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Men in India have a notorious reputation for harassing women, especially when they are alone, or unobserved. So, it was no surprise, when a man on an Indigo flight from Mumbai to Bhubaneshwar in India, taking advantage of the turbulence, groped a woman sitting in front of him, through a gap in the seats. What followed, however, was totally unexpected by Indian standards and shocked him into silence. The woman whipped out her smart phone, and proceeded to confront and shame him in front of the other passengers, taping his reactions in a video, which she subsequently posted on YouTube. The video went viral.

In the video, the man believing that he could quash the incident mumbled an apology: “I’m sorry about it. Please ..” when the woman interrupts and responds heatedly: “Why, why please? I’m sorry, please, I’m sorry I’m a girl, please, forgive me ki mein akeli ladki akele travel karne ki himmat rakh rahi  hoon (I am sorry because being a girl I have the courage to travel alone). I’m sorry for that.”

The incident got me thinking back to the days when I was living in India. The list of men who took advantage of me and touched me is long. Men like my tutor who blamed my math skills as being so rudimentary as to require individual attention and so, on the pretext of teaching me alone, he touched and rubbed up against me. Men like a friend’s husband who, because he was drunk, cornered me and tried to kiss me. And men, like the 60-year old neighbor, who was always on the lookout for me alone so he could fondle me.

I know I am not alone in living these experiences. Many women in India will have wild stories of how they are inappropriately touched by, both, strangers as well as men they know. Many women also accept these experiences as part of their daily life and do not complain about it for fear they will be held responsible and/or disgraced.

That is the saddest part of this debacle: the fear of being blamed. The woman in the video had the guts to stand up and shame the man who wronged her, but most of us, from an early age, are told to be quiet, not draw attention to the “experience” and forget about it like a bad dream because we may be held responsible, maybe called names and chastised as someone who invited the experience, perhaps, because we were wearing inappropriate clothing or spoke in an inviting way or simply gestured in a manner that girls from good families do not. The reasons are all created to put the victim to shame and lift the onus of responsibility from the party perpetrating the attacks.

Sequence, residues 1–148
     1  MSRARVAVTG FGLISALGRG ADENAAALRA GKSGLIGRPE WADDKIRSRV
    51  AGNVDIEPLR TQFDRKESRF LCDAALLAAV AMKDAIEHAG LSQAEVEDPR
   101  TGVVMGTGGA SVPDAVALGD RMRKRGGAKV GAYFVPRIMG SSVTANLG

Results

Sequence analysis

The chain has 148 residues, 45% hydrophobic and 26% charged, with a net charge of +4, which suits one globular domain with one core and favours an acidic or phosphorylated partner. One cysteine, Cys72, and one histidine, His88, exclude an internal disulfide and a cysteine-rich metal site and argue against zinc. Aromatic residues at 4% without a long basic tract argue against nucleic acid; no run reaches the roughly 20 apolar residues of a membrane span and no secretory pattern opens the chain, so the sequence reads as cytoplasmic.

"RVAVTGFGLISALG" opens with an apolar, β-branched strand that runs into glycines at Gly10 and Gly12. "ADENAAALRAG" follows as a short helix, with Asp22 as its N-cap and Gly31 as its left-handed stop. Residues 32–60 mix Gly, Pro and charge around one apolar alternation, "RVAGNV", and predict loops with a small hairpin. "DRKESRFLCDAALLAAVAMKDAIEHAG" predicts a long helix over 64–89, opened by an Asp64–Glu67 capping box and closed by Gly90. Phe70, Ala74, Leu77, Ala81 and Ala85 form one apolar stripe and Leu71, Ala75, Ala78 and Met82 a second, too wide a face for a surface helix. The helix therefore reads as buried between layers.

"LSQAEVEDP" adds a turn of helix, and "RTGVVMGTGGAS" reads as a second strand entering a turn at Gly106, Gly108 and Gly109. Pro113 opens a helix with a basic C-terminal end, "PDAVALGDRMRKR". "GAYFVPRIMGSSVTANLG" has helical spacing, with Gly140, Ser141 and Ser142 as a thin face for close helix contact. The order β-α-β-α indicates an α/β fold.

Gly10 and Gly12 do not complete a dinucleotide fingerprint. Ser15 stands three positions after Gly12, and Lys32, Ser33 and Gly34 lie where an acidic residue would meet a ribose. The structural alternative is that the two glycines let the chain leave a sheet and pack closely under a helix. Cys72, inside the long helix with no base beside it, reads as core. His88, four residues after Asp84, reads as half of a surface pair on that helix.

In instances where victims are given some credulity, there is usually the problem of finding the attacker at fault or taking the issue of assault seriously.

Take the case of Emma Sulkowicz, a Columbia University senior, who is carrying a mattress, like the one on which she was sexually assaulted, around campus as a statement of protest until her alleged rapist is expelled. After an investigation, the school did not find her alleged rapist responsible but Emma claims there were numerous flaws in the investigation and has now filed two federal complaints against the university.

In 2004, while at university, I was attacked by my ex-partner and after reporting the incident to the school, the President of the International Office encouraged me to withdraw the complaint asking me to consider the “young man’s future.” Undeterred, I took the case to court, but the charges were dismissed within seconds without the judge taking the incident too seriously.

Events such as mine and Emma’s not only belittle the victim but also discourage additional victims from coming forward and reporting their alleged abuse.

According to Rape, Abuse and Incest National Network (RAINN), every 107 seconds another American is sexually assaulted and only 32% of the crimes are actually reported. Of the crimes that are reported, only 2 out of 100 rapists will ever be held accountable for their actions and serve a day in prison. Such paltry conviction rates send a message that attackers can commit horrible crimes and get away with them, further discouraging victims.

In India, the National Crime Records Bureau reported in 2014 that everyday 93 women are being raped. This is, of course, a measure of the cases that are reported. Hundreds go scot free, un-reported, unmarked and unpunished. The way the young woman on the Indigo flight stood up for her rights and faced her abuser is a mark of how the fairer sex in India are outraged by a pervasive societal evil, one that has little scope for redress unless more women find the strength to take on sexual violence on public forums.

Victim blaming is a serious issue and women assaulted all around the world have suffered it in the form of families not acknowledging them or husbands casting them out because they have been “dirtied” or blamed for being at the wrong place at the wrong time. The victim is often punished and the attacker usually goes free to commit more crimes and ruin more lives.

Standing up for yourself is difficult; especially when you know you will most likely be alone and put to shame. But if we cast aside the veil of blame and join forces in supporting those who have been wronged, we can create a world where crimes against women are believed and taken more seriously. I laud the woman on the plane who stood up for herself and asserted her rights. More of us need to join her.

Rupande Mehta is a writer passionate about women’s rights and equality. Her aim is to bring change in the way women and men are treated around the world and especially in India. You can follow her on Twitter @rupandemehta or Tumblr at